From: Robert Dewar
Date: Tuesday, December  6, 2005  9:02 PM

Actually I come to realize that the 200 character limit
of the RM is probably different in nature from a style
check that limits lines to a certain length.

Why? because a style check is really about limiting the
visual width of the source (I can't see why else you would
impose a particular limit like 79, the GNAT standard, or
80).

Well in visual width terms, wide characters occupy only
one character with most representations, assuming we are
on a display which handles the appropriate wide character
representation.

Except ... brackets notation for wide characters, e.g.
["1234"] is *precisely* intended for environments where
you do not want to rely on such graphic interpretations,
and I think in a style check mode ["1234"] should count
as 8 characters, whereas the corresponding UTF-8 sequence
would count only as 1 character.

Similarly, I think tabs should count as spaces. Note that
Bob Duff's story about blankifying tabs is a convincing
argument for this treatment.

To satisfy the 200 character (in the different yes/yes
sense) limit of the RM, all we have to do is to have
a default style check that is large enough (in GNAT,
the default line limit is 32767, in the style check
sense, as described above, which is easily enough to
guarantee 200 in the RM sense.

Now, question, is it really important for portability
to have a mode in which the compiler enforces 200 in
the character count sense.

A bit of an obscure mess I am afraid ...

****************************************************************

From: Tucker Taft
Date: Tuesday, December  6, 2005  9:53 PM

We have always supported exactly 200 characters as the max,
to ensure portability.  I can't imagine any good reason to
use much more than 100 -- the code definitely becomes
harder to read at some point.  With static string concatenation,
there is no need to have particularly long string literals.

I think your idea of making the GNAT limit be a "visual"
limit would be great, because as you say, that is the point.

****************************************************************

From: Robert Dewar
Date: Tuesday, December  6, 2005  10:32 PM

> We have always supported exactly 200 characters as the max,
> to ensure portability.  I can't imagine any good reason to
> use much more than 100 -- the code definitely becomes
> harder to read at some point.  With static string concatenation,
> there is no need to have particularly long string literals.

The time that long lines are useful is for automatically generated
stuff, sometimes we have encountered tools generating very long
lines.

> I think your idea of making the GNAT limit be a "visual"
> limit would be great, because as you say, that is the point.

OK, that seems right to me too ...

****************************************************************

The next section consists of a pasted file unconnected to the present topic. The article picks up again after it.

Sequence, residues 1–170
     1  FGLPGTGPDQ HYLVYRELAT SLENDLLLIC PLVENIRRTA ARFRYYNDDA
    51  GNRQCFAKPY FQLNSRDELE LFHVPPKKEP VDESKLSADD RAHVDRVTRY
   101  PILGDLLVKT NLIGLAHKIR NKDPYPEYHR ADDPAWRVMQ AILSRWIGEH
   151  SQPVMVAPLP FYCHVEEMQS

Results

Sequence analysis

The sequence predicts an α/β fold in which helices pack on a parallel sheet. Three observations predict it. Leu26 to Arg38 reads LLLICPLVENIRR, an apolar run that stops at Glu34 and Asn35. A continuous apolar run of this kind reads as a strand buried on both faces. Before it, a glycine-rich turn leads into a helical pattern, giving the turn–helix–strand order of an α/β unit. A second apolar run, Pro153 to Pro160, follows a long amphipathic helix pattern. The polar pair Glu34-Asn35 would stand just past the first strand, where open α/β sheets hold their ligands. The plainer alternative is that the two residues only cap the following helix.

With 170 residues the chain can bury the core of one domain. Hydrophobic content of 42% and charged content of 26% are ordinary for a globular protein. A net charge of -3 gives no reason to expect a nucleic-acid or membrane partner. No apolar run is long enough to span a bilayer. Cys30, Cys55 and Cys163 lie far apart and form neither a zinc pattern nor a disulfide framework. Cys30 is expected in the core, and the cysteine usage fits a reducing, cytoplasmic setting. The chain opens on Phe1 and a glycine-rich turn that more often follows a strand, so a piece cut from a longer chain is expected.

From: Tucker Taft
Date: Tuesday, December  6, 2005  10:45 PM

> The time that long lines are useful is for automatically generated
> stuff, sometimes we have encountered tools generating very long
> lines.

Good point, though perhaps judicious use of "fold -s" (or
a slightly smarter one that knows about string literals)
might handle that situation.  In any case it seems to me that
the "default mode" is safe at limiting lines to 200 characters,
while an "extended line" mode could be used for the odd
machine-generated source file.

****************************************************************

From: Jean-Pierre Rosen
Date: Wednesday, December  7, 2005  3:15 AM

> Now, question, is it really important for portability
> to have a mode in which the compiler enforces 200 in
> the character count sense.
>
> A bit of an obscure mess I am afraid ...

To me, the important thing is the "at least" part, which implies that
identifiers up to 200 characters long are guaranteed portable.

And for identifiers, 200 characters are close to infinity...

****************************************************************

From: Robert Dewar
Date: Wednesday, December  7, 2005  6:23 AM

> To me, the important thing is the "at least" part, which implies that
> identifiers up to 200 characters long are guaranteed portable.
>
> And for identifiers, 200 characters are close to infinity...

Not for the ACATS tests, where identifiers mysteriously expand
to meet your actual max line length (and now for the ACATS tests
we have the interesting question of what you say is your max
line length, given these two different interpretations. I would
say the ACATS test is confused here, and should just test
identifiers up to 200 characters.

In fact the language would be improved by saying max identifier
length is 200 period. No point in allowing junk non-portable
identifiers longer than this, and even less point in having the
ACATS enforce this allowance if your compiler allows longer
source lines.

****************************************************************

From: Pascal Leroy
Date: Wednesday, December  7, 2005  4:15 AM